Bill Cosby To Lecture Men On How To Avoid Sexual Assault Allegations

As terrible as it gets, Bill Cosby, who faced dozens of sexual assault allegations, will educate people on sexual assault laws.

Less than a week after Bill Cosby's high-profile trial on charges of aggravated indecent assault ended in a mistrial, it has emerged he plans to hold a series of town halls to educate young athletes and married men on how to avoid assault accusations.

According to his publicist, Andrew Wyatt and Ebonee Benson, the town halls could start as early as next month as Cosby “wants to get back to work.”

“Mr. Cosby wants to get back to work. We’re now planning town halls and we’re going to be coming to this city sometime in July … to talk to young people because this is bigger than Bill Cosby,” Wyatt said on “Good Day Alabama” in Birmingham.

He further added, “This issue can affect any young person, especially young athletes of today. And they need to know what they're facing — when they're hanging out and partying, when they're doing certain things they shouldn't be doing.”

Although there is no official schedule of the town halls, his team is planning on at least five city tours that would include stops in Chicago, Detroit and Philadelphia.

“Laws are changing, laws are changing. The statute of limitations for victims of sexual assault are being extended. That's why people need to be educated — you know, a brush across the shoulder, at this point, can be considered sexual assault and it's a good thing to be educated about the law,” said Benson.

The announcement drew criticism from several quarters, including anti-sexual violence organizations.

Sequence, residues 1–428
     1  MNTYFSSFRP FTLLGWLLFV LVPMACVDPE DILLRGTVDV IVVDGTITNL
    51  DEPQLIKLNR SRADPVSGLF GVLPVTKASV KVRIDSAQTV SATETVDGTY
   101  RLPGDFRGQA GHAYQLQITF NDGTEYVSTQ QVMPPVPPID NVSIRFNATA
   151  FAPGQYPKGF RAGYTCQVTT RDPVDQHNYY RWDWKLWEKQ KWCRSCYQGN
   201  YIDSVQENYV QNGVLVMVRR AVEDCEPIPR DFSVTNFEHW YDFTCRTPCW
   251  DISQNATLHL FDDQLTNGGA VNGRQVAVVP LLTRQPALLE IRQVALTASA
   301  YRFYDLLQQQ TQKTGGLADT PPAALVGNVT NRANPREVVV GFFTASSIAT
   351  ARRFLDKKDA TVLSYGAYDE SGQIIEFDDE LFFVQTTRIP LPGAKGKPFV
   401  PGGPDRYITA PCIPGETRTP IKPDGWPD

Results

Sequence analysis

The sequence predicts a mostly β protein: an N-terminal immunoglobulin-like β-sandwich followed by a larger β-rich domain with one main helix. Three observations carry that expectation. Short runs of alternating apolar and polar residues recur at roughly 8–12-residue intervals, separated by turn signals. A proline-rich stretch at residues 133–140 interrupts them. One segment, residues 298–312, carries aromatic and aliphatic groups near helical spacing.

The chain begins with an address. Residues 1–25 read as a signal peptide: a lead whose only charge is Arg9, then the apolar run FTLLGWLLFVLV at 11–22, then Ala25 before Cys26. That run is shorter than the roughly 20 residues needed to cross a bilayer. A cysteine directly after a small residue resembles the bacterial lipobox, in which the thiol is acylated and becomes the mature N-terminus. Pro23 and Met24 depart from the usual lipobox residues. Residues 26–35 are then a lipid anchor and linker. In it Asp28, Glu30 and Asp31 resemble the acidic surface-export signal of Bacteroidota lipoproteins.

“It would be more useful if Mr. Cosby would spend time talking with people about how not to commit sexual assault in the first place,” RAINN spokeswoman Jodi Omear said.

Kristen Houser of the National Sexual Violence Resource Center described Cosby as “a person who has 60 allegations of sexual assault against” him. She also said that there are a number of organizations out there that are far better choices to education people about sexual assault than Cosby.

The stand-up comedian, 79, has been accused of sexual assault or misconduct by more than 50 women, alleging that he assaulted them in “eerily similar ways.” They claim that he drugged and, in numerous cases, sexually assaulted them in incidents dating back decades.

However, of all his alleged victims, only Andrea Constand, a former Temple University employee, was able to pursue her case regarding an incident that took place in 2004 at his Philadelphia-area mansion.

Unfortunately, despite the fact multiple women came forward with testimonies of a painful experience, Cosby’s trial on three counts of aggravated indecent assault ended in a mistrial, as after more than 50 hours of deliberation, the jury said they were “hopelessly deadlocked” on the charges.   

However, prosecutors have not given up and they said they will retry Cosby. Judge Steven O'Neill announced he would try to schedule a new trial within 120 days.

Cosby is currently free on bail while he awaits a retrial of the criminal case.


Banner/thumbnail credit: Reuters 

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